From the time the Europeans were introduced to tobacco, they understood that its smoke had served as a critical tool for the shamans and curanderos (folk healers) of South America. It had not only played a role in curing ailments like snakebites and toothaches; it was sacred as well. It was so sacred that the Aztecs thought the body of a goddess of childbirth and fertility was made of tobacco.
The shamans of one Central American tribe would rub a paste of tobacco on pregnant women to protect them from witchcraft. Tobacco was the central ingredient in elaborate brews. One treatment for gout involved making a foot bath of tobacco tea that included these preparations: Start by using leaves that had been left in a ditch so that ants could walk on them, then mix in some special rocks and the ground flesh and excrement of a fox. Then steep the stuff and soak your feet.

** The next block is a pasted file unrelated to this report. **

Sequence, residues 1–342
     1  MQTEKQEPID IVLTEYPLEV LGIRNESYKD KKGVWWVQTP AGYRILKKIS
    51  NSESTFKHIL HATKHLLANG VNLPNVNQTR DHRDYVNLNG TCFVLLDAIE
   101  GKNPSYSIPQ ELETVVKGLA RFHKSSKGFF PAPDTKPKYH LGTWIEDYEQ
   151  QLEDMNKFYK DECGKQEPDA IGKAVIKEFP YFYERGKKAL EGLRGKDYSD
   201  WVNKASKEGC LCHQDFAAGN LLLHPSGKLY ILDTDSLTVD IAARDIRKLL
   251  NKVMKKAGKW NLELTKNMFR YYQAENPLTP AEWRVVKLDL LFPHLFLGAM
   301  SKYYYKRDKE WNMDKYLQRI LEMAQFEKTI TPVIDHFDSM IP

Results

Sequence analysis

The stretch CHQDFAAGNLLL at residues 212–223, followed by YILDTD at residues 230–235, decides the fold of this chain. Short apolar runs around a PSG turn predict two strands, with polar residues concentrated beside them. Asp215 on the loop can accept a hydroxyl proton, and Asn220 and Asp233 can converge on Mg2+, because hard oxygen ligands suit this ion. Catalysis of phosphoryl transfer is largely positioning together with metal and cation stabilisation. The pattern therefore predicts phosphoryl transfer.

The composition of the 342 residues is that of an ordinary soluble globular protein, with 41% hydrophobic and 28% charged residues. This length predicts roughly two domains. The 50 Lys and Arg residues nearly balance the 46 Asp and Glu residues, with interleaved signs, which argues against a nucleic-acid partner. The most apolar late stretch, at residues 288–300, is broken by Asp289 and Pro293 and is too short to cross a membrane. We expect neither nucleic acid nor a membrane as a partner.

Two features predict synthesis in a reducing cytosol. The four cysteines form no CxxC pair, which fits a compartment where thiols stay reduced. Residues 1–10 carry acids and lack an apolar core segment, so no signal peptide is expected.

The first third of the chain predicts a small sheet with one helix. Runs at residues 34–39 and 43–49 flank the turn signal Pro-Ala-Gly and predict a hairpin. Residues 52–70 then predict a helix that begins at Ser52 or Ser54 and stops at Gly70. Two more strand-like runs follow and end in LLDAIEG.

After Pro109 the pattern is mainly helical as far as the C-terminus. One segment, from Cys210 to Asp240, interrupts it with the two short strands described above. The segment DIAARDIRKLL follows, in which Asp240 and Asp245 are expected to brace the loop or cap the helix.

Tobacco smoke was the food that fed the spirits that inhabited the shamans, and in some South American tribes, surviving tobacco intoxication was part of the rite of initiation.